by Rachel Moritz
New Michigan Press 2008
Reviewed by Matt Soucy
“…there is not much of me.”
Rachel Moritz’s brief Night-Sea is both a focused and enigmatic chapbook. Starting with a quote from Abraham Lincoln about a sketch of himself, “…there is not much of it, for the reason, I suppose, that there is not much of me,” the poems are loosely focused around the invention of history. While personal, these poems also delve indirectly into the creation of American myth.
According to Moritz, the past is cut out, rusted, pointed, “How much nostalgia lives / inside rusty bullets, amputation kits.” Here she recalls a personal memory from Boston in the 1970s, but every moment parallels and recalls the Civil War. Every poem is somewhat reminiscent of Lincoln’s face and Moritz borrows the description of Lincoln’s face as “half-alligator, half-horse.” Moritz’s craft is strong, clean, and purposeful. In “Past the World of Senses,” she writes:
Our flag wears thirty-two stars.
Then visit ‘The War is Over’
where soldiers loll
beneath the scaffold’s human
For the woman, until the end –
a ladder leans, her footing
Ghost by the wall who is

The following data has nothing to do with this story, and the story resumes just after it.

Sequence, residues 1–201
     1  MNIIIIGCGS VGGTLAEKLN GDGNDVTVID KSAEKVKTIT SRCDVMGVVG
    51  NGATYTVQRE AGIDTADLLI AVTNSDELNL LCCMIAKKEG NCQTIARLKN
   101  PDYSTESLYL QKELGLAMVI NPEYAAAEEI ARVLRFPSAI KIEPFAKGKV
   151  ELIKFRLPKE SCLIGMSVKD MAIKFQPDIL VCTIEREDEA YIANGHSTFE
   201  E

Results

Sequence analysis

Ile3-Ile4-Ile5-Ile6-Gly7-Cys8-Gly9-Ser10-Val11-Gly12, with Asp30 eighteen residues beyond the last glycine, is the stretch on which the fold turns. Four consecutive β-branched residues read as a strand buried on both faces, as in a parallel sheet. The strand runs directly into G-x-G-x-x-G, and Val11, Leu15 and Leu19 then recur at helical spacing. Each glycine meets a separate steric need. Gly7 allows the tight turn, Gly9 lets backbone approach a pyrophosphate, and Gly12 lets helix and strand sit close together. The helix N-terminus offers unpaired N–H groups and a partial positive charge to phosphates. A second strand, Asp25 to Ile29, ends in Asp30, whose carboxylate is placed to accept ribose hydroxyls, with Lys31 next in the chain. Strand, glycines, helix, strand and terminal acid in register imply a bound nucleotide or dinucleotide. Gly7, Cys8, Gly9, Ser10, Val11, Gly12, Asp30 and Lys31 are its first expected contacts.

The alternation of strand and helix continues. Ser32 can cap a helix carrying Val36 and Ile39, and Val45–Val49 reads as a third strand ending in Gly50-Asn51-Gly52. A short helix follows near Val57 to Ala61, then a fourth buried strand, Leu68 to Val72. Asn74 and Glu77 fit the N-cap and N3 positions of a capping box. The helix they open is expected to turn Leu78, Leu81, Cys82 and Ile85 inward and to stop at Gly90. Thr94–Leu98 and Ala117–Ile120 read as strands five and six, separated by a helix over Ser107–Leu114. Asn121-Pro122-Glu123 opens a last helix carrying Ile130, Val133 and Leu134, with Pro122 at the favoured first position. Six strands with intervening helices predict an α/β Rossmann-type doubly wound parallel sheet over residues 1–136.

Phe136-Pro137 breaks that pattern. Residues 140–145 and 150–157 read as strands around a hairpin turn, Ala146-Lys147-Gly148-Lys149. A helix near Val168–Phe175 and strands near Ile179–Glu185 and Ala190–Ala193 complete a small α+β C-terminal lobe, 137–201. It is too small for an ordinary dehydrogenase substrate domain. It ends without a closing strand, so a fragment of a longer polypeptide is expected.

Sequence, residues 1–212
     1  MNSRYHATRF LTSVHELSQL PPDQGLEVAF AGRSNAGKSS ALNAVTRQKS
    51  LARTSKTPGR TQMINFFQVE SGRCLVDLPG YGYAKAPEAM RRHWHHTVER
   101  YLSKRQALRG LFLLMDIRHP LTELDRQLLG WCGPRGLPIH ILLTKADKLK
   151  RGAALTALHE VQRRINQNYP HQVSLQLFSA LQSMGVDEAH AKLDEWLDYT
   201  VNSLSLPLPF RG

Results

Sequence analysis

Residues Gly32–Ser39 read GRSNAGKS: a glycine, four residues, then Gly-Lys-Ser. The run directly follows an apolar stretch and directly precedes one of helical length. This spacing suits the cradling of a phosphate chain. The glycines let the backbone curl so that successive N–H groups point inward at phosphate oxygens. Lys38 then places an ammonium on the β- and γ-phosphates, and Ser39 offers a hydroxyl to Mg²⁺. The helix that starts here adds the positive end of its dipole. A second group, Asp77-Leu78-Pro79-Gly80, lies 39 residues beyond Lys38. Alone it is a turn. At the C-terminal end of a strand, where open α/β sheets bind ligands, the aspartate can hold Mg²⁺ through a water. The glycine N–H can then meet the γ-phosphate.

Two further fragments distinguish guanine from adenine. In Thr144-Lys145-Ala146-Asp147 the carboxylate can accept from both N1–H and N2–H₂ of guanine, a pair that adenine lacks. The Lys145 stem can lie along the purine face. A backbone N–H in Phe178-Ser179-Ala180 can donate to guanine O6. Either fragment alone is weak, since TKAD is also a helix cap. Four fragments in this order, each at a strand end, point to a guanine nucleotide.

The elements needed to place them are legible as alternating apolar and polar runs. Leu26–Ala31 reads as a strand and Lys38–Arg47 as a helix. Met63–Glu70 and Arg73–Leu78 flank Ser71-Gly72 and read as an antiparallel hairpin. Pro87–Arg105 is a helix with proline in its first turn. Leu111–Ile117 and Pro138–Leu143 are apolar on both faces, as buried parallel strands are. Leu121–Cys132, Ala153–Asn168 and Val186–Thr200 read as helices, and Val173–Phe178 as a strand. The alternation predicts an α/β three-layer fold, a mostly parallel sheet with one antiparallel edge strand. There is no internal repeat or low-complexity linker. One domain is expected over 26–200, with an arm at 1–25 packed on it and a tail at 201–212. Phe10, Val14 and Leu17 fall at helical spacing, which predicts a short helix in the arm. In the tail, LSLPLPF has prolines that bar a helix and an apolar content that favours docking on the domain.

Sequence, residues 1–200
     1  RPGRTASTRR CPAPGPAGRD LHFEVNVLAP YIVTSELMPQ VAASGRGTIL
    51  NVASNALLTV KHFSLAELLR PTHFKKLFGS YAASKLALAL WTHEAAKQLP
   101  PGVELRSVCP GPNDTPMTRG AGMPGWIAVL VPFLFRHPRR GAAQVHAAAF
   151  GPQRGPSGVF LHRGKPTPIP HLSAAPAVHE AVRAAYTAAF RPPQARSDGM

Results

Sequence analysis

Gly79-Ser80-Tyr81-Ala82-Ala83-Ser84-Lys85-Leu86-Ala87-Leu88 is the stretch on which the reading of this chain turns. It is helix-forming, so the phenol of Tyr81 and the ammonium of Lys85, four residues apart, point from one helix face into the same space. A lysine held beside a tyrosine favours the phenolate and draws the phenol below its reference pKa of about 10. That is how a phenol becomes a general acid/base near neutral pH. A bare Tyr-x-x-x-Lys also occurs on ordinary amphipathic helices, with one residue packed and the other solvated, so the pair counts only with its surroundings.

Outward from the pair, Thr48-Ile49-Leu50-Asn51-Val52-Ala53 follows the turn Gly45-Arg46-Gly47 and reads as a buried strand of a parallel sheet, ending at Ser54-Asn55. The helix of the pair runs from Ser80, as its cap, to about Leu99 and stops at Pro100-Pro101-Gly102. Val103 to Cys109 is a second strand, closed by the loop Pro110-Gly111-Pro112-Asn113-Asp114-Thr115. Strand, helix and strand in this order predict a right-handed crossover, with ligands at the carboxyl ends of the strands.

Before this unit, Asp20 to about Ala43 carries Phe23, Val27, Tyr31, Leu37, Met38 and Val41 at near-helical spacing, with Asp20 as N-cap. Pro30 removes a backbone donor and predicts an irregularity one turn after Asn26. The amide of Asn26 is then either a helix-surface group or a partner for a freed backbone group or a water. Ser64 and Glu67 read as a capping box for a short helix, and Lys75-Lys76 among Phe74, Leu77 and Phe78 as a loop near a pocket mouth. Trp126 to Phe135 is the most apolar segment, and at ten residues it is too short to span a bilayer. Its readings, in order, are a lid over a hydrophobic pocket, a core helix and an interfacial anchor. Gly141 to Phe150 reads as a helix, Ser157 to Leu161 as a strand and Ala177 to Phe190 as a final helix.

my own throat.
People are already – always –
This is a fairly literal example concerning the only woman hanged for conspiring to kill Lincoln. However, it shows Moritz’s conversion of history into the personal and, finally, the universal. She does this expertly throughout the book.
Varying between insinuation and more direct address, Moritz involves the reader in Lincoln’s most mythic moments, the log cabin, the whistle-stop tour, scenes of the Civil War, and the carriage ride to Ford’s Theatre. But this is not historic poetry; this is not going be read at any inaugurations. It is intricate and personal, vaguely critical without assuming too much—and always evocative.
Lincoln is used as a quintessential piece of history around which time moves. Time exists, as our experience tells us, as still moments. The movement of time appears as illusion:
Each winter day is dream-
Like in duration
More abstractly still, each
Is a brooding self, absolute
To the act of creation
from “Wonder Journey (Air-Wind)”
As with many poets, Moritz seeks something concrete in either time or space to hold onto and throughout these poems she offers some intelligent and heartfelt insights such as, “True being, meanwhile, is not in shapes / but in the dreamer.”
For such a short text, Night-Sea definitely merits multiple reads. The subtlety and depth grows as these well-constructed poems reveal themselves and lend power to one another.